<image: Focus on the Obvious Moves First>

Exactly right!

Nice work.

Simple and easy.

This is where they should have been focusing, aiming to discover why they did NOT capture this short.

You don't have to foresee the initiation of EVERY move. Especially those which break some form of price structure. Often in these cases the simpler option is to seek entry on the first pullback.

Here are some of the key points from the remainder of my response, in image form:

<image: Focus on the Obvious Moves First>

<image: Focus on the Obvious Moves First> 

<image: Focus on the Obvious Moves First>

<image: Focus on the Obvious Moves First>

<image: Focus on the Obvious Moves First>

Repeating:

You do NOT have to know what is happening in the market at all times.

And you absolutely do NOT have to be able to capture every move in the markets.

Improve to the point where you are capturing as much of the obvious and simple stuff as possible. Only then, worry about those moves which are more complex and difficult to see.

Personal opinion only, of course!  🙂

Best of luck,

Lance Beggs

 


 

Don’t Overcomplicate Things – 2

 

Just over a month ago we discussed the fact that the majority of my trades lately seem to fit within one of two broad categories.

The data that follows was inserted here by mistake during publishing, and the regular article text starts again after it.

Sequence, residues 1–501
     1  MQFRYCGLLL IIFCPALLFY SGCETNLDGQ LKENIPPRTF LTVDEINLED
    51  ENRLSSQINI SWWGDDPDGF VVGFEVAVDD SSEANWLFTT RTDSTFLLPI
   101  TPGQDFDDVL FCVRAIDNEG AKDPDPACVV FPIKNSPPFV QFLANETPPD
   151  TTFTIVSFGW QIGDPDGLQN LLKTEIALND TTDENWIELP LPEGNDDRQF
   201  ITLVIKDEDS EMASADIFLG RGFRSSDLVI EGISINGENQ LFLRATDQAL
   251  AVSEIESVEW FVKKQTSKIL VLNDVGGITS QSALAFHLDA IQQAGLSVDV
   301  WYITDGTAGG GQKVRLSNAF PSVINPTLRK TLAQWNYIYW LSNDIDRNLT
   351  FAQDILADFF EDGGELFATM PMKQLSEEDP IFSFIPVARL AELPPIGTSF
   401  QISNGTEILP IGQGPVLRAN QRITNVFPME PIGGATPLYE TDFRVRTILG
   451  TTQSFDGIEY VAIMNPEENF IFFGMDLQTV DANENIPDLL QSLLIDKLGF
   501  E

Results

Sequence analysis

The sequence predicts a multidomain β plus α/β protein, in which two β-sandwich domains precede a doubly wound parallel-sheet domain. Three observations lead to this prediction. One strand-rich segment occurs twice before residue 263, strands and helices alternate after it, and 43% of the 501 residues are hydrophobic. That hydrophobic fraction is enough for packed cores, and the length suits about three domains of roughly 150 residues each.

<image: Don't Overcomplicate Things>

<image: Don't Overcomplicate Things>

(For those with the YTC Price Action Trader, the first category will include all variations of PB, CPB and BPB trades. The second category will include all variations of TST, BOF and any "reversion to the mean" scalp against an existing trend. For the second category, note that I will rarely be entering against strength. Look within the TTF/LTF to see weakness late in the over-extension, or on a subsequent retest. But the whole sequence should be over-extended.)

The prior article offered an example of of the first type of trade. If you missed that article, you can find it here – http://yourtradingcoach.com/trading-process-and-strategy/dont-overcomplicate-things-1/

In the week's since then we have focused on something different. A series of three articles showing breakout failure trades – here, here and here.

The focus of these articles was on using the lower timeframe chart to confirm a lack of buying interest after the break. And for timing the entry at the point where we feel any later buyers have completely given up all hope of their trade working.

But there is another VERY important point from these three breakout failure trades, that I think we need to discuss. You may have noticed it. I HOPE you noticed it.

But just in case you didn't…

  • They all look much the same.

 

They all fit (perhaps loosely) into the broad description for the second type of trade.

<image: Don't Overcomplicate Things>

Let's examine all three from this perspective.

<image: Don't Overcomplicate Things>

<image: Don't Overcomplicate Things>

<image: Don't Overcomplicate Things>

Don't overcomplicate things.

Keep in mind a visualisation (or a series of visualisations) which broadly capture the vast majority of your trades.

It can help provide confirmation of the trade idea as it's setting up.

And more importantly, confidence in execution.

Happy trading,

Lance Beggs

 


 

Watch Post-Breakout Behaviour – 3

 

This is what I like to see in a breakout…

<image: Watch Post-Breakout Behaviour>

<image: Watch Post-Breakout Behaviour> 

This is a prime target for a breakout failure.